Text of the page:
September 5, 2017
Next to the usage of a pure broad match for one-word keywords, botched geotargeting is the second biggest waste of your money in an AdWords campaign. If you are detail-oriented (and if you’re doing…
Next to the usage of a pure broad match for one-word keywords, botched geotargeting is the second biggest waste of your money in an AdWords campaign.
If you are detail-oriented (and if you’re doing PPC advertising you definitely should be), a careful setup of campaign’s location targeting will not only optimize your budget but will also give you insights that you only dreamed of before.
The choice of settings depends on the answer to what seems to be a fairly simple question:
Where are the people who are searching for what I offer?
The answer depends on the type of a campaign.
Let’s imagine you want to advertise a local business in a city. It’s logical that the targeted area in a search campaign would be that city, but actually, the targeting depends a lot on your business type.
For example, a consulting company or first-class hairdresser can easily attract people to come from another city or even a nearby state, which means that these areas should be targeted as well. For other companies, however, the option “People in, searching for, or who show interest in my targeted location (recommended)” would cover all the interest.
Some companies can benefit greatly from radius targeting. Let’s take a veterinarian on call service as an example. Targeting the main city is great, but is not enough because many searches will be missed; on the other hand, targeting the state would be too broad. In such cases, radius geo-targeting identifies only those potential clients within an hour’s drive away.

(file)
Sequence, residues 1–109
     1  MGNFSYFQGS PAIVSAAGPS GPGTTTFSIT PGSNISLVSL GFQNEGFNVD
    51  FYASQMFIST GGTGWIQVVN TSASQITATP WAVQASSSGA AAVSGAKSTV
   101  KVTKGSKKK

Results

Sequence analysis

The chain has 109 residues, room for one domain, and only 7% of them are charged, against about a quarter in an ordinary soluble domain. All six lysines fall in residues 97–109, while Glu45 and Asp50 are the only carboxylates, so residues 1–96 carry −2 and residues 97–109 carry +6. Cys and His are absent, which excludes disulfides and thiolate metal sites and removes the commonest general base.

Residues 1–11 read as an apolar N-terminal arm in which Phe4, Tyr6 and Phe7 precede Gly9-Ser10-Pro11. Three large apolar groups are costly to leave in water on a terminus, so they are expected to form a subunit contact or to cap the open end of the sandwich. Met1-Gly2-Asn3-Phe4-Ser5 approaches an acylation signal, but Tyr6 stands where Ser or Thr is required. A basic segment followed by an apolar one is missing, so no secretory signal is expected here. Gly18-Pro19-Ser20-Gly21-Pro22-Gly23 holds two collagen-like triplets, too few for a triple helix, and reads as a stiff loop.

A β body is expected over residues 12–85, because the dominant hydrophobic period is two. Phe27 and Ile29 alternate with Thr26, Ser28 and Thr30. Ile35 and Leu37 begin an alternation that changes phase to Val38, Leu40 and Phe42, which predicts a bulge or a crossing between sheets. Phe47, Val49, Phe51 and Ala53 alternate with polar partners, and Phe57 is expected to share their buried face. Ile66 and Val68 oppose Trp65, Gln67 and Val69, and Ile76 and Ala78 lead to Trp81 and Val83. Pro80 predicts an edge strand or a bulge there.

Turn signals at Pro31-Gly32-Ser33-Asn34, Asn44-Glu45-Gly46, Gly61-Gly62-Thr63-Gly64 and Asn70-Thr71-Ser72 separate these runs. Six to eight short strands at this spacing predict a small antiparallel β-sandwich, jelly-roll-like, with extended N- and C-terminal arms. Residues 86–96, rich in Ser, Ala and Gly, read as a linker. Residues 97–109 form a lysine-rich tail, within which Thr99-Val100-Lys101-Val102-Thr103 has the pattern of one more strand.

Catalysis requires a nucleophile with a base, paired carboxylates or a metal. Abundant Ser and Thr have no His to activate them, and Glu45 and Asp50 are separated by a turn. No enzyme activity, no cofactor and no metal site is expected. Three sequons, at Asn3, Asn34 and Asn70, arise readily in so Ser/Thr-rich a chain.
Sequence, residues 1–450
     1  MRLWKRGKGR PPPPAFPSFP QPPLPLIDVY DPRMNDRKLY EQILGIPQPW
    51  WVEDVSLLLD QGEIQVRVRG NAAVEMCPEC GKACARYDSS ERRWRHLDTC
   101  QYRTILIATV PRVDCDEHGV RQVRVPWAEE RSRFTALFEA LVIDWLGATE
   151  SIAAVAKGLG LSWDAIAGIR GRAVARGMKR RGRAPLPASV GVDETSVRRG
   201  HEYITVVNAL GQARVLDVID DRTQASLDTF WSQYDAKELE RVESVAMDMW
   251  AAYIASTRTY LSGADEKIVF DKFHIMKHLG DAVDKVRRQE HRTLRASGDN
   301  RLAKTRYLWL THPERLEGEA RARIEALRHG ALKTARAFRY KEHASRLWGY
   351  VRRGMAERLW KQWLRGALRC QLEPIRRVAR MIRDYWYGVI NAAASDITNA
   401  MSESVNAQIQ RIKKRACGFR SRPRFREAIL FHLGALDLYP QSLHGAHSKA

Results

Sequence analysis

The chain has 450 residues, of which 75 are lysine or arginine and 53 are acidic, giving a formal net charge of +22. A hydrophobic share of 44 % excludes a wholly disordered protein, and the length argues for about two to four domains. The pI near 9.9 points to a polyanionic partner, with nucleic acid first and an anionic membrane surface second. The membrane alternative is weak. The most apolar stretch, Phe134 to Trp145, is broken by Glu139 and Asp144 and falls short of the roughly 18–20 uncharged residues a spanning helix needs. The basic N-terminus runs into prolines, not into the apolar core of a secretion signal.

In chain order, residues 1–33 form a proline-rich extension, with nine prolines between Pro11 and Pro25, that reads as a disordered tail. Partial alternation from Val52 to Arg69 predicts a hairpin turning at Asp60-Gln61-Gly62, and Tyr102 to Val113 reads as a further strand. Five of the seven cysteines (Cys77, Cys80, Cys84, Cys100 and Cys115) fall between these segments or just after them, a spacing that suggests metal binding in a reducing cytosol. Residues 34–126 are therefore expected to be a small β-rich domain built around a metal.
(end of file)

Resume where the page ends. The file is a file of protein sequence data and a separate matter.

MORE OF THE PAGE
Since radius targeting can focus down to distances as small as one mile, it can be very specific – for example focusing on pizza delivery in just one part of a city.
When it comes to more advanced campaigns, however, geo-targeting may need to be approached from another angle.
Suppose you are targeting searches by people from State A; then for remarketing, you might as well include states around State A, since some of the searches will have been done by people in other states who will be coming to State A on business trips. If your type of business has the potential to attract clientele from a larger area (for example, if you can deliver your product to any state in the country), then including these extra regions can only benefit you.
There’s also an amazing option for some companies to target directly a specific type of location, such as airports or universities. A local taxi company, for instance, can benefit from this option by setting up two campaigns, one focused on the city and another on the airport.
Adwords location targeting can take a variety of forms. One is adjusting bids for a specific location. In practice, this means that you could target France in general with one bid and Paris with twice as high a bid, or have a different bid for every state while targeting the US.
However, this option provides less data in the end that it could.
The answer? If you have enough traffic, create separate campaigns targeting each location.
1. Control over the budget
2. Getting a look at the competition
3. Choosing the best bidding strategy
4. Control Quality Score by improving the chain Keyword-Ad-Landing page
The precision afforded by dividing campaigns according to location will give you more control, which will lead in turn to better reporting options and better results. Isn’t this the whole point?
January 9, 2018
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December 19, 2017
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